I set out to write this blog post before the snow settles on the ground here in Canada. We did experience our first snowflakes of the year last night, so I finally felt “the push” to post this recipe. I first heard about transforming grass into ink when I watched an online Zoom lecture by Marjorie Morgan. Marjorie is a natural ink maker, artist, printmaker and environmentalist. I highly recommend watching this workshop if you are interested in learning more about Natural Inks. Making Ink with Natural Materials Zoom Lecture/Demonstration for Greenfield Community College on 9/23/20!
Now let’s talk a bit about what makes grass green. To break it down simply, grass leaves collect energy from sunlight through photosynthesis. The photosynthesizing chlorophyll in the leaf gives grass its green color. The grass ink recipe that I will share with you today creates a vibrant green ink that is such a beautiful and simple way to begin your natural ink journey.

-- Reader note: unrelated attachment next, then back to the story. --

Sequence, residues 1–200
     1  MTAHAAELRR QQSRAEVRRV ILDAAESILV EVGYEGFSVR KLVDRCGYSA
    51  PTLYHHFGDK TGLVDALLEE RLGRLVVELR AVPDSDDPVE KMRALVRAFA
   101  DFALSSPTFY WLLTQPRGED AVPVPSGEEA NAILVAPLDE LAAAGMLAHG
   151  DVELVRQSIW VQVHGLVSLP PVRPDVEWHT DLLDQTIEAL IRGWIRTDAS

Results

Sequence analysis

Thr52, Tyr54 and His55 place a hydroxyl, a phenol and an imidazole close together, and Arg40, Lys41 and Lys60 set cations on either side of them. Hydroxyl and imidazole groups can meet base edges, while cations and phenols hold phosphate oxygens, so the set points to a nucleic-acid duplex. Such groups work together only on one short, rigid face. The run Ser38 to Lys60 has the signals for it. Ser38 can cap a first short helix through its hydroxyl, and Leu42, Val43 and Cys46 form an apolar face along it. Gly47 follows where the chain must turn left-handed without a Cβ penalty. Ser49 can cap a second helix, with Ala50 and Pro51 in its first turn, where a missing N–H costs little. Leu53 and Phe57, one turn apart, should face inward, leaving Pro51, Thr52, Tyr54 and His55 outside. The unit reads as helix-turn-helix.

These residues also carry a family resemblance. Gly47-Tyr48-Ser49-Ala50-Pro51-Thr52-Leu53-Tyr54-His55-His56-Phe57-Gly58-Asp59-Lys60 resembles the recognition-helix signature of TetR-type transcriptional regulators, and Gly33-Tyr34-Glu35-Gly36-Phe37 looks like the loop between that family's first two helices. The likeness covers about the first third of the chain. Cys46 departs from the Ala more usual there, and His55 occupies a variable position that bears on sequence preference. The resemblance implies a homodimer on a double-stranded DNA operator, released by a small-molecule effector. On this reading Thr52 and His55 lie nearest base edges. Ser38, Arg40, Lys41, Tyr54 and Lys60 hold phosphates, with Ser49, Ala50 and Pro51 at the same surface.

Ingredients and Materials:
a blender (I use a Magic Bullet that I keep for ink-making only)
a funnel and coffee filter or a panty hose sock or a piece of cheesecloth/fabric and an elastic
a glass jar with a lid
a spoon or fork
paper (try different types i.e. watercolour paper and/or natural paper)
brush and/or eye dropper
pencil/pen and label
-Grab 2 handfuls of fresh grass.
-Put the grass in your blender and add a little bit of water.
-Turn your blender on and blend until you get a rich green liquid. If the grass is struggling to blend, you may need to stir it up and blend more or add a little bit more water (it will smell like a freshly mowed lawn).
-Cover a glass jar with a filter of your choice: a funnel and coffee filter, a panty hose sock or a piece of cheesecloth/fabric secured with an elastic.
-Pour the ink into the glass jar through the filter.
-Using a paint brush, your fingers or an eye dropper, experiment with your new green ink on paper. You may wish to spray water onto your paper and then add drops of the ink and watch the ink travel into and across the water.
-When you are finished painting with the ink, label the glass jar, put the lid on and refrigerate.
The ink makes a rich dark green (that darkens as it dries) and lasts surprisingly long. Keep out of direct sunlight to prolong the colour on paper. You may wish to add a clove to your jar to help preserve the ink.